In this QuickRead, we take a look at Failure Demand, exploring what it is, where to find it, how to remove it, and why eliminating failure demand will help you reduce operating costs and increase both customer and employee satisfaction.
Where did the concept of Failure Demand originate?
Failure demand is a concept initially used in service organisations, first discovered and articulated by Professor John Seddon as ‘demand caused by a failure to do something or do something right for the customer’.
The concept and application of failure demand is now popular across many different functions and sectors.
What is Failure Demand?
Failure Demand is a customer centric concept that focuses on the root cause of issues in a given business process. When we look at processes from a customer viewpoint, we can separate them into two categories:
- Value Demand: Delivers exactly what the customer wants or needs. These are products and services the customer is happy to pay for; an efficient service, right products first time etc.
Value Demand enhances the customer experience, creates loyalty and drives a positive brand.
- Failure Demand: Poor service that does not deliver what the customer wants or needs. These are products and services that the customer does not want to pay for; waiting, receiving the wrong product, missing items etc.
Failure Demand will only ever add unnecessary additional costs, disappoint the customer, and impact company brand.
Simply put, failure demand is something that would not exist in a perfect or flawless process.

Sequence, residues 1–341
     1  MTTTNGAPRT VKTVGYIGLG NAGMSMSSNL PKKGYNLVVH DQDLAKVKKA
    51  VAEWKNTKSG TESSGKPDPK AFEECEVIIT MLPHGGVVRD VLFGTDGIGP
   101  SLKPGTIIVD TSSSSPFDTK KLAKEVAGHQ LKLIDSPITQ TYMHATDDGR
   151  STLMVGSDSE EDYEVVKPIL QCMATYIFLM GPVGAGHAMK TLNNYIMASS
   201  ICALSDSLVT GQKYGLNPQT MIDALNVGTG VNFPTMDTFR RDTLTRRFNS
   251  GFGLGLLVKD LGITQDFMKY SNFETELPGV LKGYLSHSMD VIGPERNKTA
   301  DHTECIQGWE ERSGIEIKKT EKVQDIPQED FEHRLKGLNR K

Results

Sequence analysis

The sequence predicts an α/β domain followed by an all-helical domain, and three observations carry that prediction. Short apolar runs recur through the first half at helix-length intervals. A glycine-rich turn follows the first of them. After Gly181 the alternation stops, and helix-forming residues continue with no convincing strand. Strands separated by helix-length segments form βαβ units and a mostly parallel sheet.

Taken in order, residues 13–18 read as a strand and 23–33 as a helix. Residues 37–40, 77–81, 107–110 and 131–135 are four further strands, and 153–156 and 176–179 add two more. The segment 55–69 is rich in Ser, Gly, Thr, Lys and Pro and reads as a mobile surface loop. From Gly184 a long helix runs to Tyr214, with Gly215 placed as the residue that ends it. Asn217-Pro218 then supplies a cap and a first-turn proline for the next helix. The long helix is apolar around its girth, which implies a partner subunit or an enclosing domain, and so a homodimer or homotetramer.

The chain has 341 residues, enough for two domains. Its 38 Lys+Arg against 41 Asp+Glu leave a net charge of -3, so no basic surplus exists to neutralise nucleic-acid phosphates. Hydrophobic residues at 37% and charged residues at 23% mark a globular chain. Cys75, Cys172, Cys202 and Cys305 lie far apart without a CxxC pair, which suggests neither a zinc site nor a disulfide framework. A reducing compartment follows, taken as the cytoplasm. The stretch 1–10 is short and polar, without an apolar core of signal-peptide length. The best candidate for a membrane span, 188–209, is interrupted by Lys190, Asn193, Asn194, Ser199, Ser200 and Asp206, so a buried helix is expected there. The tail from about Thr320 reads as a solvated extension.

What are the benefits of applying the Failure Demand concept?
Removing Failure Demand will increase capacity, improve performance, enhance both customer and employee satisfaction, and significantly reduce cost. In addition, financial savings and benefits are often realised quickly through simply stopping or eliminating a process step.
How can I Identify Failure Demand in my Organisation?
Failure Demand is typically caused by failure somewhere else in the process – so it is vital you focus on the root cause of the issue. There are many tools and techniques for identifying failure demand and we will list some of our favourite ChangeWise concepts here:
A demand chart focuses on how work flows into your organisation. This will help to highlight any existing rework for the demand which can be classified as Failure Demand.
Once you understand the demand and its flow, it is useful to categorise the work into 3 types (let’s use the expenses process for an accounting department as an example):
Runners = frequent demand that happens daily (matching expenses claimed with receipts)
Repeaters = demand that happens regularly and consistently (running monthly expense reports)
Rarities = demand that rarely happens (expenses claimed do not match receipts)
Typically, rarities account for a small proportion of overall demand, but require heavy processing time and employee effort. This is often where we can identify excellent opportunities for removing failure demand.
Value Stream Mapping: